A Uganda National Meteorological Authority report says more than half of Uganda is now in an exceptional drought and that current drought conditions are the worst in the country’s history.
The government’s January 1st-10th January forecast indicated ‘very hot temperatures with average maximum temperatures ranging from 26.4 to 36.3 degrees centigrade,” with Nebbi district recording as high as 38.5 degrees centigrade.
“The month of January is still dry as it has experienced in the last month of December 2016 (and) water levels in Lake Victoria basin have been consistently diminishing due to dry spell in most parts of the country,” reads part of the UNMA report.
The prolonged drought has too pushed both day and night temperature high making it uncomfortable for many to sleep or walk. For example, yesterday, Kampala afternoon 32°C yet the capital’s normal temperature is 27°C. Kasese had 35 degrees Celsius while Kabale had 23 degrees Celsius.
Nebbi had 38.5 instead of 32°C recorded overtime while Tororo District recorded afternoon 30°C against the normal average of 29°C. Arua District recorded afternoon temperatures of 34°C, making the district one of the hottest in the country.
Mr Musa Ecweru, the minister for Disaster and Preparedness says the drough has since left 9 million Ugandans in urgent need of food aid as compared to only 1.3 million people just three months ago.
Nebbi District Council chairperson Ezron Alenyo said food crops and pastures have been depleted leaving the residents and cattle starving. “We are experiencing abnormally high temperatures,” Mr. Alenyo told Daily Monitor.
In central, Nakaseke District Council secretary for Production, Fred Rwabirinda said: “The long dry spell has hit the farmers hard. Many water dams have dried up with some of the farmers opting to buy water from mobile tanks to give to the animals. The only available mobile water tank, which now serves more than five sub counties, is now very expensive.”
In Busoga sub-region, the situation is not any different with millions going hungry. “Getting water for cooking or bathing has become difficult for several families. A 20-litre jerrycan of water now costs Shs1000,” said Mr. Zomu Yusuf, the Pallisa Town Councl mayor.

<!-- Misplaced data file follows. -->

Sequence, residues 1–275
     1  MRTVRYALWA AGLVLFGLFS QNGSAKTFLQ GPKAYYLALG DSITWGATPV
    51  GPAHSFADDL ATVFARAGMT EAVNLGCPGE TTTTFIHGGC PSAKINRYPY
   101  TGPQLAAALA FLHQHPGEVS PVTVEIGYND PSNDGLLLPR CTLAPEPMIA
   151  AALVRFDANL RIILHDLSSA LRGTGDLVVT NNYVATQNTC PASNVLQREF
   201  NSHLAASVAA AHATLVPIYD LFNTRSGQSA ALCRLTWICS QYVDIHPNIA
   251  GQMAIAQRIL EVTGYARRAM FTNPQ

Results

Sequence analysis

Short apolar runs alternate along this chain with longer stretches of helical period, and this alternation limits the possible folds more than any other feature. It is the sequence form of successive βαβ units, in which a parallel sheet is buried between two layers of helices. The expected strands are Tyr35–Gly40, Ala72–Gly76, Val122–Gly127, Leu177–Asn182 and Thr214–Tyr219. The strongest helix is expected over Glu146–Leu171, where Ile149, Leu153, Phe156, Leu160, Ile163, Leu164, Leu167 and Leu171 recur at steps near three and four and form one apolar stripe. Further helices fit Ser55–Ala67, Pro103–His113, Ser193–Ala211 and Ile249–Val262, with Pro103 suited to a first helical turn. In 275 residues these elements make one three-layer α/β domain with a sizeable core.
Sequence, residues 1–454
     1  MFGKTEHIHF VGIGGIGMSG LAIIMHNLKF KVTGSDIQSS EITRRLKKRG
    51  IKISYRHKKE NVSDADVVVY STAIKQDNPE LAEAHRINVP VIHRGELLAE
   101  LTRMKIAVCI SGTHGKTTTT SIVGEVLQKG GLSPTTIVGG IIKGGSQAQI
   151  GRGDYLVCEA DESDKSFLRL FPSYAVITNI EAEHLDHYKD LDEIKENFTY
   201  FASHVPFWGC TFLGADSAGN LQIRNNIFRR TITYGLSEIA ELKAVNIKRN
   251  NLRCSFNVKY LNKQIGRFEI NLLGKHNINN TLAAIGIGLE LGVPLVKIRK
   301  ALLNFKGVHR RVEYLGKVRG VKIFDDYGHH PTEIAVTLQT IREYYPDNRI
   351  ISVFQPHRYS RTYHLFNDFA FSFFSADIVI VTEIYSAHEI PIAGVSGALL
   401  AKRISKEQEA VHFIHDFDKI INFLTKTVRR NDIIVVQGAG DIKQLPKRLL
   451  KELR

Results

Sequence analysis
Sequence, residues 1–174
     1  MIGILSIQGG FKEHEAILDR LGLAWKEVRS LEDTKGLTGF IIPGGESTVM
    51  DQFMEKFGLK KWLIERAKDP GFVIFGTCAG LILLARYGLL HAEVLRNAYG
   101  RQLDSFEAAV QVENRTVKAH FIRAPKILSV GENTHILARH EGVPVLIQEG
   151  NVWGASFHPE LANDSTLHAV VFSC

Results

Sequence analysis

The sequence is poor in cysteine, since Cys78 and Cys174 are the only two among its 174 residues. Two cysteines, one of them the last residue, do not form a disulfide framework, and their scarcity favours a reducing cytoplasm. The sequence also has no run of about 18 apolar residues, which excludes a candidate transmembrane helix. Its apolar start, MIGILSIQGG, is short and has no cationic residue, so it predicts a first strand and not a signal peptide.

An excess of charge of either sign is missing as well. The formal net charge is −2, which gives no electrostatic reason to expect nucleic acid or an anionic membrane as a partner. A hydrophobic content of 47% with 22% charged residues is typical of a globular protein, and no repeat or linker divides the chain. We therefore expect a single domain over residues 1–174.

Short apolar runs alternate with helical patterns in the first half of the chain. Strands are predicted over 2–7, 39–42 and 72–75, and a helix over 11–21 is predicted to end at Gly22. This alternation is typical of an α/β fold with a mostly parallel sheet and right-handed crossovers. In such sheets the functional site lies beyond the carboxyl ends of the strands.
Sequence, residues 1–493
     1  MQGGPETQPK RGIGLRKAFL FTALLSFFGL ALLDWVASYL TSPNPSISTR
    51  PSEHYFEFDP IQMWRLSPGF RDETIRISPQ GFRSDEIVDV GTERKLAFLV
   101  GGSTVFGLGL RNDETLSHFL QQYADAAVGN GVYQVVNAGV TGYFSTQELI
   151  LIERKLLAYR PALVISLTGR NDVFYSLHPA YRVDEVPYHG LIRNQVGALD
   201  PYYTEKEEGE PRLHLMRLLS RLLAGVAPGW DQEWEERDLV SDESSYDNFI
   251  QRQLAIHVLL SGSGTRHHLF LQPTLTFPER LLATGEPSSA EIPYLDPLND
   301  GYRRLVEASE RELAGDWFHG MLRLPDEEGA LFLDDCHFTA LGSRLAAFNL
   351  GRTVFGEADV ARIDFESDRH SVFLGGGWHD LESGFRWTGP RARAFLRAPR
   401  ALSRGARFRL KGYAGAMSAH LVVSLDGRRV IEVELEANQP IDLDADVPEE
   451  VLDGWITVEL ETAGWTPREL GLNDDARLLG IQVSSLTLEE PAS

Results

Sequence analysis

Nomandic pastoralists in Karamoja sub-region have been forced to cross into Lango sub-region in search of pasture and water afte thousands of cattle have starved to death.
In Sebei, maize takes seven months to mature but in 2016 the rains started falling intermittently around the fourth month. Food crops such as Matooke and rice are on the rise due to shortages. Sugar prices too have increased greatly with a kilogramme of sugar going for Shs5, 000 in some areas from as low as Shs3, 500 recently due to a shortage in sugarcane production. Sugar is an input in various products meaning that costs of production will also edge up for some products that require it as an ingredient.
Kumi Municipality MP Silas Aogon argues that the impact of climate change has worsened the agricultural sector yet employs more than 70 per cent of the country’s population: “Poor agricultural practices have also put us down but if resilience is achieved and we apply best agricultural practices, we shall increase food production which will settle a problem of food insecurity and increase exports to improve our income for development. Uganda loses over $45 million a year in the agricultural sector which has affected its income,” he said.
The National Environment management Authority says the changing weather is a result of human activity while the ministry of Agriculture and Animal Husbandry explains that is as a result of the late onset of 2016 rains, cultivation begun late and prolonged dry season through June to October.
Government is looking for $200 million (Shs713.7 billion) to implement a plan to avert the negative effects of climate change and hunger in the next three years